William Ingham, civil engineer, was the son of Joshua Ingham, himself an engineer, and his wife Nancy. He attended evening classes at the Technical School in Burnley, completed a five year apprenticeship in mechanical engineering under his father, and later an apprenticeship in civil engineering with the borough surveyor of Burnley. In 1891 he was appointed assistant water engineer to the Plymouth Corporation and later became resident engineer on the Burrator Water Works for that town. In 1896 he was appointed water engineer to the borough of Torquay and was involved in the design of several water works and related tasks. In 1899 he published a paper on "The incrustation of iron pipes at the Torquay Water Works" in the Proceedings of the Institution of Mechanical Engineers. He was a member of the (British) Institution of Civil Engineers and the Institution of Mechanical Engineers. In 1893 he married Isabel Hindle, with whom he had two sons and two daughters.
Ingham came to the Cape Colony in June 1903, having been selected to design and carry out a water scheme for Port Elizabeth. The project included a large reservoir on the Sand and Bulk rivers and was completed in November 1907. The loyalty he inspired in his staff is shown by the fact that most of his assistants in England followed him to South Africa. He described the work in "The new water works for Port Elizabeth, South Africa", a paper delivered before the South African Association for the Advancement of Science at its meeting in Grahamstown in 1908. A summary of the paper was published in the association's Report for that year (pp. 74-75). After a visit to England he was in private practice as a consulting water and irrigation engineer at Port Elizabeth for some time. In May 1909 he delivered a paper on "Irrigation, with special reference to pumping plants" at the First South African Irrigation Congress. The paper was published in the congress Proceedings (Cape of Good Hope, 1909). Later that year he became resident engineer at the Smartt Syndicate irrigation works at Britstown, but in October 1910, before the work was completed, he was appointed chief engineer to the Rand Water Board, a post he held until his death in 1924.
After considering various possible water schemes for Johannesburg Ingham chose building the Vaal River Barrage, with a pumping and filtration works near Vereeniging. This carefully designed and well constructed scheme was started during World War I (1914-1918) and was completed in 1923. He also acted as consulting engineer to many municipalities and other clients, and was widely regarded as a brilliant engineer.
Ingham participated actively in the proceedings of several professional societies. He was a council member of the South African Society of Civil Engineers by 1913, serving as president in 1920. His presidential address was devoted mainly to hydraulic engineering, particularly the Vaal River water scheme, but he also expressed himself in favour of the formation of a joint secretariat for the engineering and technical societies of South Africa. He was president of the South African Institution of Engineers for 1915/6. In 1913 he joined the South African Association for the Advancement of Science and at its meeting in Mozambique that year contributed "A few notes on water divining". He served as president of Section A of the association in 1919. His presidential address, "The Vaal River and its possibilities", dealing mainly with water supply from the river's catchment area and its rainfall records, was published in the association's Report for that year (pp. 17-41). For five years he was chairman of the South African branch of the British Municipal and County Engineers. Shortly before his death he was elected president of the Associated Scientific and Technical Societies of South Africa. For five years he was an examiner in engineering for the University of the Witwatersrand.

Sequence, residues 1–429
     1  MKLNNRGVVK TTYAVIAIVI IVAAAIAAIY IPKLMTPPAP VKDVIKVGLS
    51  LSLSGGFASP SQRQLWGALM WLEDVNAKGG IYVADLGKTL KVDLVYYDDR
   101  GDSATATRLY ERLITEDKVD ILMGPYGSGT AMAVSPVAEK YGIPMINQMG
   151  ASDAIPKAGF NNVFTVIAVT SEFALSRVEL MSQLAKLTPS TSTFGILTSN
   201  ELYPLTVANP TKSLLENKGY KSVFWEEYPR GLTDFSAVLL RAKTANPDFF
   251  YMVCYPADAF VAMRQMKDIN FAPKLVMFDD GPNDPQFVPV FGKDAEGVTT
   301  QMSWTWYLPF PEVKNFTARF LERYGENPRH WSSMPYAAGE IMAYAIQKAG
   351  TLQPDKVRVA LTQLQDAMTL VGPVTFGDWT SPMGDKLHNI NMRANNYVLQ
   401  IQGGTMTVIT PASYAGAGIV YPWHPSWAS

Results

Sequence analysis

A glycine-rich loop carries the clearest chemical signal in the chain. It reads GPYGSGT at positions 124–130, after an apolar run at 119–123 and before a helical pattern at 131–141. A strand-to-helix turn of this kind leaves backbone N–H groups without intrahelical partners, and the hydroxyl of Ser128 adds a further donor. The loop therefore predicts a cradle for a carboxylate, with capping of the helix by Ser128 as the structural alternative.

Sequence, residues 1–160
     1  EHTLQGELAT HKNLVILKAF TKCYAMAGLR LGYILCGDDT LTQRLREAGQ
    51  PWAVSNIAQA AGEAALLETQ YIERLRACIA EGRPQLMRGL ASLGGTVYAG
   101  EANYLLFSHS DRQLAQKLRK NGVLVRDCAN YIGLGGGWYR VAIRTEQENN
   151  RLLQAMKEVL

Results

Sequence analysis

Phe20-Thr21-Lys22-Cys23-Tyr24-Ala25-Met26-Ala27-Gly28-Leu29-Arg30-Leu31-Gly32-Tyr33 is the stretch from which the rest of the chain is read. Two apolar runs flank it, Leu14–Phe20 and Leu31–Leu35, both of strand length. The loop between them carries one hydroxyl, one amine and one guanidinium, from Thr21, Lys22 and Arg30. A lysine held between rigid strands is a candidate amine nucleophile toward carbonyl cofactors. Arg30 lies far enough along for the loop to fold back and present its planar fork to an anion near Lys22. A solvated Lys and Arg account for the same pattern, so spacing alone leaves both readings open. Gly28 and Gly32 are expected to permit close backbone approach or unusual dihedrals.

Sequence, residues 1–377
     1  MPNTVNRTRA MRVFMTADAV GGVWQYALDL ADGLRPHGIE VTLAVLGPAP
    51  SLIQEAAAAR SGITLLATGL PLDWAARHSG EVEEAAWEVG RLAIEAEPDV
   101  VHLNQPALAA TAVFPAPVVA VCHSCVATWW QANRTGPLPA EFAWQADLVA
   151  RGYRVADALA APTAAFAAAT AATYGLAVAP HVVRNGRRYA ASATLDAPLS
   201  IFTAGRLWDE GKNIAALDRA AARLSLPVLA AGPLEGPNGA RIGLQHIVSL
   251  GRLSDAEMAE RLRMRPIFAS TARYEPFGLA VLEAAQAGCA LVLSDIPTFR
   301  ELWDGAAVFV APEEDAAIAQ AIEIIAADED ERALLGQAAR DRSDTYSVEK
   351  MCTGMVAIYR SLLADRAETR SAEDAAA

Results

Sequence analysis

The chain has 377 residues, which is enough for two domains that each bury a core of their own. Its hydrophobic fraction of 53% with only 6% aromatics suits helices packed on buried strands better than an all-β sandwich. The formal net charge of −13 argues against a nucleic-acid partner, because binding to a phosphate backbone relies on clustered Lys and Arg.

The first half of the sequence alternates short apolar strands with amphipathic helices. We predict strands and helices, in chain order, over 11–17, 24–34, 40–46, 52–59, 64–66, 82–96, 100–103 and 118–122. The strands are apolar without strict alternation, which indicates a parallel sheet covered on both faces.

Ingham published many reports and papers on waterworks, irrigation schemes, water conservation, and afforestation. For example, "Pumping and irrigation" (Agricultural Journal of the Union of South Africa, 1909), "The pumping and purification plant at the Springs Pumping Station, Rand Water Board" (1915) and "Vaal River scheme, service reservoirs recently constructed by the Rand Water Board", both in Civil Engineering= Siviele Ingenieurswese .
The day before his death he was informed that the University of the Witwatersrand wished to confer on him an honorary Doctor of Science (DSc) degree.